A Cutting Edge Production of
Also see Richard's reviews of Striking 12
One Flew Over the Cuckoo's Nest was a forerunner of the countercultural bang in the late '60s. All of the action takes place in the ward of a state mental hospital somewhere in the Pacific Northwest. At the time, shock treatments were the norm for calming patients down, and frontal lobotomies were being used on patients who were uncontrollable. The main characters, McMurphy and Nurse Ratched, were meant to be microcosms of the society in the late '60s. In fact, they are microcosms of today's society in these turbulent times. McMurphy represents the elevated beauty of freedom in contrast to Nurse Ratched's persistent insistence on obedience and conventionality.
Randle McMurphy (Christian Phillips), a convict and con man, tries to trick his way out of prison work by submitting to observation at a mental asylum. His persistent challenge to the system, embodied in the tyranny of the impassive Nurse Ratched (Rachel Klycee), eventually becomes an inspiration for his fellow patients to regain the courage to the face the world outside. The novelist and the playwright's searing exploration of the psychosocial dynamics of a group of patients in a mental institution studies the paradoxes at the heart of America attitudes toward social responsibility.
I have seen the role of McMurphy played in various ways, from a sly and intelligent man to a raging beast of a person. Christian Phillips (co-founder of Actors Theatre) emphasizes the aggression with a suggestion of frailty or heartbreak. His McMurphy is a verbose, wild and crazy redneck who loves booze and women. Rachel Klycee plays the role of Nurse Ratched like a strong Catholic nun I had in high school. She is a dominating mother figure who is a castrating harpy and speaks in a monotone voice throughout the production.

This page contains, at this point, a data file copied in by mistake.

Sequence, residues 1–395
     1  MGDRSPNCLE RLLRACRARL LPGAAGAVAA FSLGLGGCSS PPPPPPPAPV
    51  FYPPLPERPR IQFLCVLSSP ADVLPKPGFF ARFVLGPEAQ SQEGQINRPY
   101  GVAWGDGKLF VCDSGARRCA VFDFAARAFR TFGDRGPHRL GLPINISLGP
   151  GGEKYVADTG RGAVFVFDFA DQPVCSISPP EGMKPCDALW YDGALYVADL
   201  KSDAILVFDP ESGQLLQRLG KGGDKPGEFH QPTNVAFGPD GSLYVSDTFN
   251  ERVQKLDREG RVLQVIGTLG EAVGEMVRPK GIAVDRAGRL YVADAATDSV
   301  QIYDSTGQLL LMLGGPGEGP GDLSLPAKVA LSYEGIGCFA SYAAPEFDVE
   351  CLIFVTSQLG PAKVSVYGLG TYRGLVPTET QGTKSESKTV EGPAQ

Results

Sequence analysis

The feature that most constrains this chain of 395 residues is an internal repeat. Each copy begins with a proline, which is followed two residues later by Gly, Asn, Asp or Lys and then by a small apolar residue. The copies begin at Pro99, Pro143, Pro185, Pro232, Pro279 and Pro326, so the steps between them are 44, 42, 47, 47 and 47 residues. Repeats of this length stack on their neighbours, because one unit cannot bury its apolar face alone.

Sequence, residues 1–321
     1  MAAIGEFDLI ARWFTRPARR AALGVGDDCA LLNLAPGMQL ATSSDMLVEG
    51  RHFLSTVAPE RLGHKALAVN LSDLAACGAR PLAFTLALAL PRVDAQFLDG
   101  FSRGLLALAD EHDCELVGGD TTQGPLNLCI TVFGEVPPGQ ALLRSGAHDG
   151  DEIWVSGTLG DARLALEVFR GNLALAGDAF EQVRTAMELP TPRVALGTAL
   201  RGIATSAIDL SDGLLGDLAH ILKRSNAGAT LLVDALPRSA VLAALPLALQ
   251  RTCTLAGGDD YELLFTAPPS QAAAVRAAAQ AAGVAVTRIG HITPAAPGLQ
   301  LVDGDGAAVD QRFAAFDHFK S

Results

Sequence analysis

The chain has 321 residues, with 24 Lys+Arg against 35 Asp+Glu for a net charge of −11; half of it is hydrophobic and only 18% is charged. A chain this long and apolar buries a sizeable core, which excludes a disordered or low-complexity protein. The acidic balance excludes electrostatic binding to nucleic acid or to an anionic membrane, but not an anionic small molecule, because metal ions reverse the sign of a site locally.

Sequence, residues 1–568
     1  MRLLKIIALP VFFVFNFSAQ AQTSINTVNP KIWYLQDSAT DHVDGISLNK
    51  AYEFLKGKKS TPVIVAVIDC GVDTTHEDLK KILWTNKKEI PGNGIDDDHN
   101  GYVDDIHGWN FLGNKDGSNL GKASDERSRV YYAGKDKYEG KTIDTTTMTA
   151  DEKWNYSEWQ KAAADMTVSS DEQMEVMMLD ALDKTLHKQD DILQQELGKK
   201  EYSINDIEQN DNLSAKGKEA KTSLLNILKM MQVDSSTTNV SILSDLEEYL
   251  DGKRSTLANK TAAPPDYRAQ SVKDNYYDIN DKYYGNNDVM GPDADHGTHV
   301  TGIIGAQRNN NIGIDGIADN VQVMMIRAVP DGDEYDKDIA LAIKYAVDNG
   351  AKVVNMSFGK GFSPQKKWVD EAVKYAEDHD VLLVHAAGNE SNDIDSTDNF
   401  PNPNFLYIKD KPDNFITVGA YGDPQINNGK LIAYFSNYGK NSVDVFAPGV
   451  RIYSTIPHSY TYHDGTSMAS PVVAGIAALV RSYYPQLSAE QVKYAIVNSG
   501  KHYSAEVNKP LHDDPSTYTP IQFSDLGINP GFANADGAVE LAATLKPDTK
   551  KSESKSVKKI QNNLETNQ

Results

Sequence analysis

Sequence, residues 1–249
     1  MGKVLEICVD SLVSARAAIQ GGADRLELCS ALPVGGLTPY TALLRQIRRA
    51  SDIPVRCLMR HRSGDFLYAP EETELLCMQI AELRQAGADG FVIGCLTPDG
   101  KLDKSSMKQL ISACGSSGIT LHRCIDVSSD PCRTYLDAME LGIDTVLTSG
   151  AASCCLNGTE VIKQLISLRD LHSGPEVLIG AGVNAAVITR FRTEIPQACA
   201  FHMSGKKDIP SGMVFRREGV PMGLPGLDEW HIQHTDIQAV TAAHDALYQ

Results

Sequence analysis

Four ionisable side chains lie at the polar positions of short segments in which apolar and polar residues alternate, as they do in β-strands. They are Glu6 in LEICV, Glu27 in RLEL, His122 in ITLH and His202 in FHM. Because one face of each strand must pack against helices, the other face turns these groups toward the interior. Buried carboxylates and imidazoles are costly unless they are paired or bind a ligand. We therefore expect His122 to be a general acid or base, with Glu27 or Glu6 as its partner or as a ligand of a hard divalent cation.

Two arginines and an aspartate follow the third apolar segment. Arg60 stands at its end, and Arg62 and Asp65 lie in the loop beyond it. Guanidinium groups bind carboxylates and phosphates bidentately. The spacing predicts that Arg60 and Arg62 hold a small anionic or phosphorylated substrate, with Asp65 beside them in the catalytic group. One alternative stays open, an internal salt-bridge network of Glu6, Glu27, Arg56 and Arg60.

Cuckoo's Nest's ensemble is outstanding, and all keep their characters completely in focus even when they are in the background. Particularly excellent is John Paul Goorjian as the virgin Billy Bibbet. He never is out of character as he stutters and moves in a shaking and nervous manner throughout the drama. Even his scene when he begs Nurse Ratched not to tell his mother of his first sexual experience with a woman is beautifully accomplished. Michael Medici is first-rate as Dale Harding, the head of the ward, a mousy man who does not want to rock the boat in the ward.
Marshall Harwell, Graham Cowley, Alain Villeneuve and Joe Madero all fill their roles capably as fellow patients. Indian Chief Bromden is played by first-time actor Michael Speyser, and it is an impressive debut. Kimberly Bridges gives a wildcat performance as McMurphy's girlfriend Candy Starr. Scott Jaicks gives a nice performance as the weak-willed Dr. Spivey; Joseph Silva, Wayne Stibling , Kisa Watson and Myers Clark give good performances in their small roles.
Keith Phillips and Tim Waddell have orchestrated the play's chaotic scenes effectively with only brief blackouts. Set designer Biz Duncan has set up a natural community room one would see in a state run mental institution with a glass enclosed nurse's station.
One Flew Over the Cuckoo's Nest runs through December 18th at the Actors Theatre of San Francisco, 533 Sutter Street, San Francisco. For tickets please call 415-296-9179 on online at www.ticketweb.com. For more information, visit www.actorstheatresf.org. Their next production is Lillian Hellman's The Autumn Garden, opening in January.